Writing outside one’s comfort zone?


My latest book ‘Lost Identity’ (released on Boxing Day 2017) is quite a departure from my four previous books, which comprise the ‘Roy Groves Thriller’ series.

Those of you who follow this blog will know that, before becoming an author, I spent some thirty years pursuing a career in the world of business, for much of that time operating at Director or Managing Director level. I got to learn a great deal about the back-stabbing corporate world and the twisted politics which often ensue in that world.

Eventually, an opportunity arose to attempt (with the rest of my senior colleagues) a management buyout of my company from its huge American multinational parent company. It was an incredibly difficult and stressful process, and the experience which provided the inspiration for my first book ‘Buyout’, which is a fictionalised account of a management buyout attempt similar to that in which I took part. Obviously my own real-life experiences meant I had a deep insight into the corporate world, and how such buyouts can spiral out of control, wrecking personal, as well as professional relationships. ‘Buyout’ was, in a way therefore, semi-autobiographical.

The sequel ‘Payback’ follows the fortunes of the principal characters from ‘Buyout’ in subsequent years. The plot, while still set in the world of business, is much less ‘businessy’, and majors on the horrific lengths that some people may go to when consumed by a desire for revenge. Even so, my knowledge of the business world meant I could write confidently and authoritatively about this world.

The third book in the series ‘Chinese Whispers’ explores the dire consequences when business is infiltrated by organised crime. I must admit that never happened to any of my businesses, though it definitely does happen. So, while I have no first-hand experience of tackling the Chinese Mafia, nevertheless my real-life business experience provide much-needed background which I could lean on when writing this book.

The fourth, and final book in the ‘Roy Groves Thriller series’ is a comedy thriller. ‘Horizontal living’ sees the main character of the previous books, Roy Groves, quit the corporate rat-race and retire to an expat community on Spain’s Costa del Sol. Once again, I had real-life experiences to draw upon because, since retiring from business, I too have a home in Spain – in a residential community of which I have been elected President. The often funny, but sometimes alarming or tragic, events I have experienced in the role provided much of the inspiration for this book.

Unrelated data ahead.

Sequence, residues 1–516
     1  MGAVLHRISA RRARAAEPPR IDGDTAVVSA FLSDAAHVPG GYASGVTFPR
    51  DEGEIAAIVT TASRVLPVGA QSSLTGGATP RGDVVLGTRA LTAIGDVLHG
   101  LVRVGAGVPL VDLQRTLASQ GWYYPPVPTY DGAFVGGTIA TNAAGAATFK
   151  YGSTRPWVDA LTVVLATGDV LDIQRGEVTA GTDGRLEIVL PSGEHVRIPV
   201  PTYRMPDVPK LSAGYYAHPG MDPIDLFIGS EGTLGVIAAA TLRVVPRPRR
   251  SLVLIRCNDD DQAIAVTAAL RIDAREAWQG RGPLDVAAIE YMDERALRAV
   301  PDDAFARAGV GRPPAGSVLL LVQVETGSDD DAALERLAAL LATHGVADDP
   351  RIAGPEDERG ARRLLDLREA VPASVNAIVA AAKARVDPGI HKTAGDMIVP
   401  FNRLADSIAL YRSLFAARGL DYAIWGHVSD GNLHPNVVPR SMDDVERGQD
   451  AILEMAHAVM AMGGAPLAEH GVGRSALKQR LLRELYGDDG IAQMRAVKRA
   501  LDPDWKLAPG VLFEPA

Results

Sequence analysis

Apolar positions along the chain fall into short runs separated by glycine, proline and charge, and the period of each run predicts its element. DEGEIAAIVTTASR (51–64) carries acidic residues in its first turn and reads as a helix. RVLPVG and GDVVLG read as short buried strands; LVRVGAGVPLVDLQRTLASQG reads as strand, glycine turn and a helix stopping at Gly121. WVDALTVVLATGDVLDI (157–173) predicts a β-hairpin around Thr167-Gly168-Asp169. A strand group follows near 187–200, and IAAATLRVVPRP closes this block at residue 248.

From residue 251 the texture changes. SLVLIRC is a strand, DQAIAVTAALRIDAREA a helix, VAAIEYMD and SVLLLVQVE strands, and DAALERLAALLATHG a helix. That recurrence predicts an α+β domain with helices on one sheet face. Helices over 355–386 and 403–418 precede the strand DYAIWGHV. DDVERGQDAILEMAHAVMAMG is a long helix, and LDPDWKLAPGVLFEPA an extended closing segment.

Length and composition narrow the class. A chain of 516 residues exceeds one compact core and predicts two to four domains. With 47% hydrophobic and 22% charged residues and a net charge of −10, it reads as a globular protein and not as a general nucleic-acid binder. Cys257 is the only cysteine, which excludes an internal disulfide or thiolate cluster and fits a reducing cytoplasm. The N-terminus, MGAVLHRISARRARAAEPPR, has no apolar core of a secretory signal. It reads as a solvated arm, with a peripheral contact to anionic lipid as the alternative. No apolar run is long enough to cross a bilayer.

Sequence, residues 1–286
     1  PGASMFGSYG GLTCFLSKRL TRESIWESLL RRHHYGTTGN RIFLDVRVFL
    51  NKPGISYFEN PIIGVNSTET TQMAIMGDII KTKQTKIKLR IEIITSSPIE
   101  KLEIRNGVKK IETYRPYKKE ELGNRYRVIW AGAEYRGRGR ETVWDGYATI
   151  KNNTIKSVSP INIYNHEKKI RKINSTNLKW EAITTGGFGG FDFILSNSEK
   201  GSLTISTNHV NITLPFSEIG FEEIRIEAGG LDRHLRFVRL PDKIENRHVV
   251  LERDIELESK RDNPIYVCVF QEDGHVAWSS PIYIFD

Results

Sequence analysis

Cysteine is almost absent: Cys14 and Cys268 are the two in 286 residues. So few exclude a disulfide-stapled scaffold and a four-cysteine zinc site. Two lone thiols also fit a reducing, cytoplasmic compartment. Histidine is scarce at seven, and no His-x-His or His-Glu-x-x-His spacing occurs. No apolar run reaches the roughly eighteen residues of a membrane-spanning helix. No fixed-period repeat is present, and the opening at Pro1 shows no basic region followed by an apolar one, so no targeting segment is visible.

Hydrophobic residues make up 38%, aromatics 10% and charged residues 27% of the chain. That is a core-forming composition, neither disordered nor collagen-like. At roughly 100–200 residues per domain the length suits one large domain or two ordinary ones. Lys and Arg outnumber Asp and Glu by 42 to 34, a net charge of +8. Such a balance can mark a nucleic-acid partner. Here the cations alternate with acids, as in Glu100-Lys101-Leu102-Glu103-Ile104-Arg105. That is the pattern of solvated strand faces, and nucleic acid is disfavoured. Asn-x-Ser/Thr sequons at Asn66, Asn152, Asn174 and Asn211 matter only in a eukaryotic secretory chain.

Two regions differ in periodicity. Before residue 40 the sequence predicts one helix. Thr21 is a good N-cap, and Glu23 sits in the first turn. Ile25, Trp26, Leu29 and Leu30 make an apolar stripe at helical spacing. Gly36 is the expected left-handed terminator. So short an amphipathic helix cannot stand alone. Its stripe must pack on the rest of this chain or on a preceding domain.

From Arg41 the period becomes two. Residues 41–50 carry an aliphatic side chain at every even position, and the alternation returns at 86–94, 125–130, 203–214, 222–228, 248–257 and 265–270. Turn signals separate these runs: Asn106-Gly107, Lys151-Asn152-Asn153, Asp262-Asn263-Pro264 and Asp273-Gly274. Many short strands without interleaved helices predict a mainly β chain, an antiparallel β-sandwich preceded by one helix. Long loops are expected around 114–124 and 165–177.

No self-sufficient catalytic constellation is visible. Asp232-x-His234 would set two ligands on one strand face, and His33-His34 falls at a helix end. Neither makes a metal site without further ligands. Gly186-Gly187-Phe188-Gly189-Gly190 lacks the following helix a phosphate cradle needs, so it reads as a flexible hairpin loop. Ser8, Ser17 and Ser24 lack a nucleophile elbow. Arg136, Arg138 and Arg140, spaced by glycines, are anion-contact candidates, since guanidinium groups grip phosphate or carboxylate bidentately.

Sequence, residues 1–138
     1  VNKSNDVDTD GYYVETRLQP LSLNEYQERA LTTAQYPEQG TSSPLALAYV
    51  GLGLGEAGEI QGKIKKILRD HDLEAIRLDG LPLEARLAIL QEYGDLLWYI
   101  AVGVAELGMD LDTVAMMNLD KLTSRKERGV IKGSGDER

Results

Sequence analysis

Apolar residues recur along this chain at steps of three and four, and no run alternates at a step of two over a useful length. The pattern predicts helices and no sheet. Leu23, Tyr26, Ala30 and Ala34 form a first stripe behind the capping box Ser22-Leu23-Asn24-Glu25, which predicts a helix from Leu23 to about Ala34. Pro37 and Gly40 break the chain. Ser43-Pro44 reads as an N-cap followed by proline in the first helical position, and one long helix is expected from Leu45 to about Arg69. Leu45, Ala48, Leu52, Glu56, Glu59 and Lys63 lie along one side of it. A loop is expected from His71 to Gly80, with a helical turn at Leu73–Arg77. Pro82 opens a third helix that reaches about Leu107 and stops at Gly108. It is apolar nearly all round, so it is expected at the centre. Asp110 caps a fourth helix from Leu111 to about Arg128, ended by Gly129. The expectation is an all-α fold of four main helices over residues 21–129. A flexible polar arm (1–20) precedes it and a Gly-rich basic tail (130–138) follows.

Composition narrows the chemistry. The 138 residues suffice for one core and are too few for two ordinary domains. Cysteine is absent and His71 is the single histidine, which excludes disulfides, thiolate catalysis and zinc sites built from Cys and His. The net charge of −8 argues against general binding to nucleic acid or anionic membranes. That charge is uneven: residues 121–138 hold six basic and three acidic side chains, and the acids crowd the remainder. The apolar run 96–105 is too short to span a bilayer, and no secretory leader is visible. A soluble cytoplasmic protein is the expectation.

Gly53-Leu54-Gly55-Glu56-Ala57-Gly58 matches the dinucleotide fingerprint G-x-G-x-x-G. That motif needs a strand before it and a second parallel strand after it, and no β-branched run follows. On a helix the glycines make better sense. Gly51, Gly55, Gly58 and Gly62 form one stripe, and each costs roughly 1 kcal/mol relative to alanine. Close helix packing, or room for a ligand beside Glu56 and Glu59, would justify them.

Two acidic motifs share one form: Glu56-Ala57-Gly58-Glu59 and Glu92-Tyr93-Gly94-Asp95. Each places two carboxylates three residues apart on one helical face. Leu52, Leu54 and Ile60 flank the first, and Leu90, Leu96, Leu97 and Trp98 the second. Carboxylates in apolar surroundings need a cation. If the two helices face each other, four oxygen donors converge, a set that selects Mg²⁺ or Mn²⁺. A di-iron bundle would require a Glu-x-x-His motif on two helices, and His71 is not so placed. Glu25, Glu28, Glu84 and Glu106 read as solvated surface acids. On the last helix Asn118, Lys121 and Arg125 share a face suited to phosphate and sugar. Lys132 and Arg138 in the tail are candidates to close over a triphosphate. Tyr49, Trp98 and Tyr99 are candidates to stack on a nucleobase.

So, you can see that all four of my previous books drew, to a greater or lesser extent, on my own real-life experiences. But, with the publication of ‘Horizontal Living’, the ‘Roy Groves Thriller’ series came to a natural conclusion. However, I love writing, so for my next book I was going to have to come up with something different.

I decided to write a psychological thriller, set in the world of drug-trafficking and murder – a world of which, I hasten to add, I have no actual experience. At first, I found writing way outside my comfort zone to be a little intimidating. I also had to create all-new characters from scratch (in the previous books, many of the characters followed through from one book to the next).

As I got into the meat of the book, however, I began to find the whole process of writing about this unfamiliar world strangely liberating. When writing about business I always felt the need to be really authentic – after all, some of my readers would surely be business people themselves. I quickly realised that, when writing about the murky word of drug-trafficking and murder, I could allow my imagination much more freedom – it was pretty unlikely that many of my readers would be drug-traffickers or murderers, and even if they were, they would hardly be likely to give me damning reviews for mischaracterising their criminal world!

Anyway, my trusted team of beta readers, who had already read the first draft of the book way ahead of it’s official release, gave me great feedback and, as always, some invaluable suggestions for final polishing of the plot. I’m really happy with the final version which hits the shelves on Boxing Day 2017. If you read it, I’d love to hear your comments – right here on this blog.

Ray Green

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